5. The world's 25 best beaches have been named... but only one Aussie stretch of sand made the cut.

manly beach
Manly Beach. Image via Getty.

Australia may be famed for its stunning coastline and surf culture, but when it comes to the world's top 25 beaches only one of ours has made the cut.

Beautiful beaches in the Caribbean, South America and Europe seemed to impress travellers most in 2018, as reflected in TripAdvisor's Traveler's Choice Awards, with Sydney's Manly Beach coming in at a lowly number 16.

Grace Bay in Providenciales, Turks and Caicos was voted the world's best beach, followed by Baia do Sancho in Fernando de Noronha, Brazil and Varadero Beach in Varadero, Cuba.

Surprisingly, Bournemouth Beach in southern England even topped Manly's allure.

TripAdvisor also awarded local lists for many parts of the world, with Manly also voted Australia's best beach.

The first beach in Australia to allow daylight swimming in 1903, Manly also hosted the world's earliest surfing championship in 1964. Today the beachside suburb attracts around 2.3 million visitors each year, many arriving by ferry from Circular Quay.

Award winners were determined based on the quantity and quality of traveller reviews and ratings for beaches on TripAdvisor, gathered over a 12-month period. This means lesser known, out of the way beaches are less likely to make the cut.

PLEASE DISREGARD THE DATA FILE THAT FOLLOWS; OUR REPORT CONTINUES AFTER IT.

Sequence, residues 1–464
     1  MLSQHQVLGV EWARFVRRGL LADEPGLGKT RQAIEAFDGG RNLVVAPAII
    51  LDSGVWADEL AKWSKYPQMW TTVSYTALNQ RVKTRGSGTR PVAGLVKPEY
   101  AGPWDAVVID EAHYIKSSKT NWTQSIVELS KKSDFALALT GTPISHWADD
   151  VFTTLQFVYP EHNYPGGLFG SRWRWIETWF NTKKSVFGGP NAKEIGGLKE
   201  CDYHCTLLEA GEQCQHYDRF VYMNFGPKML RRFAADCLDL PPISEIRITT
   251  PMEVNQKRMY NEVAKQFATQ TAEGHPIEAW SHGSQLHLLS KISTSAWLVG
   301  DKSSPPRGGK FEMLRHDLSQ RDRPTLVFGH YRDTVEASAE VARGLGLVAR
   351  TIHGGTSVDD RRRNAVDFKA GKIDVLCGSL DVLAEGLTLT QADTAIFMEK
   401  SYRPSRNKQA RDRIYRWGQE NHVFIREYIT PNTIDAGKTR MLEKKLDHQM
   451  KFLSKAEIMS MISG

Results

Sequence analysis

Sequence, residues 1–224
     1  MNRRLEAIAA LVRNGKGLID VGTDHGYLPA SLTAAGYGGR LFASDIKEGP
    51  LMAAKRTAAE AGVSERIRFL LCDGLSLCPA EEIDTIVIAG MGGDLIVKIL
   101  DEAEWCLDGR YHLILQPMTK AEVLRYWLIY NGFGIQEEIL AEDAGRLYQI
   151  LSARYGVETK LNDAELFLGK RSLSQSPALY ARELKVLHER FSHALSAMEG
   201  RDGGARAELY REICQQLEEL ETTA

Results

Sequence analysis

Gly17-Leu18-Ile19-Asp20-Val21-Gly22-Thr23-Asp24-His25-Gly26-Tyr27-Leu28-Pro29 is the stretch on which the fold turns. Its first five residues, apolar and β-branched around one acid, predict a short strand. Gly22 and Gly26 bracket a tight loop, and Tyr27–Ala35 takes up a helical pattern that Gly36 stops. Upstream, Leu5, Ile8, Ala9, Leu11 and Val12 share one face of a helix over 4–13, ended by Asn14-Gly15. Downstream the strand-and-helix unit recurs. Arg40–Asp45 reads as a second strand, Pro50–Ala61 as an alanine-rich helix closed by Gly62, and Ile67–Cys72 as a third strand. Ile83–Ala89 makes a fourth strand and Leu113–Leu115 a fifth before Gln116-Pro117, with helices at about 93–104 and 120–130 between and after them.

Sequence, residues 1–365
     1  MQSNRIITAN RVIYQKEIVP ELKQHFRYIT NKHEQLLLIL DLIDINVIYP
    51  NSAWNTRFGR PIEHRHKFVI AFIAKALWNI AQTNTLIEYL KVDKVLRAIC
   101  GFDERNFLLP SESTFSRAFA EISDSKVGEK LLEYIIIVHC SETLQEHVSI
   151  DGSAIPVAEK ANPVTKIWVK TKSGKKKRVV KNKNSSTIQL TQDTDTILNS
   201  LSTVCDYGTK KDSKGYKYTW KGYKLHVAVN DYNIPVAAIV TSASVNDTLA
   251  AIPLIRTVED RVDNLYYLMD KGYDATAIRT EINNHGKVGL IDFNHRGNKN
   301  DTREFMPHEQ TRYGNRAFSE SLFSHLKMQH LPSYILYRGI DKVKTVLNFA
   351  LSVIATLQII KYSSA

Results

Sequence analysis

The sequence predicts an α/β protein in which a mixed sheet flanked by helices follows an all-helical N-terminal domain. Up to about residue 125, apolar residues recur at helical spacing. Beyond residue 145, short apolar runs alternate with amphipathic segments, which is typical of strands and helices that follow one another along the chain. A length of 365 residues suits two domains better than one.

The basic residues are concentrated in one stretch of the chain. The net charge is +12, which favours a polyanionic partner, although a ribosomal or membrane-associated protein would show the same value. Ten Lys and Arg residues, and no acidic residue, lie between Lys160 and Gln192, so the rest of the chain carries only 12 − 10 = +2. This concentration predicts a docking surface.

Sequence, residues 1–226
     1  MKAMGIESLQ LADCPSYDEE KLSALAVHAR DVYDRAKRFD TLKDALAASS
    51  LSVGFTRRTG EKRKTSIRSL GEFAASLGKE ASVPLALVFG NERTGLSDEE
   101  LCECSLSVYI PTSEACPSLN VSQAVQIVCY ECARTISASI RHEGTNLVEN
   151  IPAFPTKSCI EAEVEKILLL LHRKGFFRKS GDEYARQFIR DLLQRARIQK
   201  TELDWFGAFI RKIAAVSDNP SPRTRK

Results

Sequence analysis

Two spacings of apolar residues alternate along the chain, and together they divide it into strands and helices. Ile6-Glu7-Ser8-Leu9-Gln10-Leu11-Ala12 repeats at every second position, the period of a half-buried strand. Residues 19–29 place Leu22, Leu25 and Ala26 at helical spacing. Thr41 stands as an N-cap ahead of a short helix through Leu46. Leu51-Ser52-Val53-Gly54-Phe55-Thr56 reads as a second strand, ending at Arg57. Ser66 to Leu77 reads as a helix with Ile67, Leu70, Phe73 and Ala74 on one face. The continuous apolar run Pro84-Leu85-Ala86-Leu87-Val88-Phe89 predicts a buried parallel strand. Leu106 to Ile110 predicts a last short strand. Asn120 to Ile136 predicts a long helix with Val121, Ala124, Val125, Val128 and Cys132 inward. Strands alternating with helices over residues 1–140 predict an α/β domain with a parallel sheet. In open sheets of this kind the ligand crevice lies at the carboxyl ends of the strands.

6. A Perth doggo just gave birth to a record litter of puppers.

record litter of puppies in Australia
Image via West Coast Veterinary Clinic/Facebook.

On Monday afternoon, Doberman mum Sassy became the proud parent to no less than 18 new puppies.

Delivered by c-section at West Coast Vets in Perth, four-year-old Sassy's arrivals are believed to equal the record number of pups born in a single litter in Australia.

According to The West Australian, it took three vets, two vet students, two vet nurses, two work experience people and a receptionist 90 minutes to deliver all 18 puppies safely.

Veterinarian Aaron Raney said the breeder believed Sassy was carrying at least 16 puppies when he brought her to the vet.

"The breeder came in and told us his dog was going to have at least 16 puppies and are we prepared for it," Dr Raney told The West Australian.

"I took it with a grain of salt and thought it might be 10 or 12, but they kept coming. I stopped counting after about 12 because I was concentrating on getting them all out, but the squeaking was non-stop."

The extreme number of pups meant Dr. Raney - who had never delivered a litter so large in his eight years as a veterinarian - had to stray from his normal caesarean section procedure.

"Normally when I do a caesarean I can make one incision but with her I had to make four incisions to get them all out at a quick rate," he said.

"She did really well, some puppies were distressed and not breathing but once we blew some oxygen into them they came good."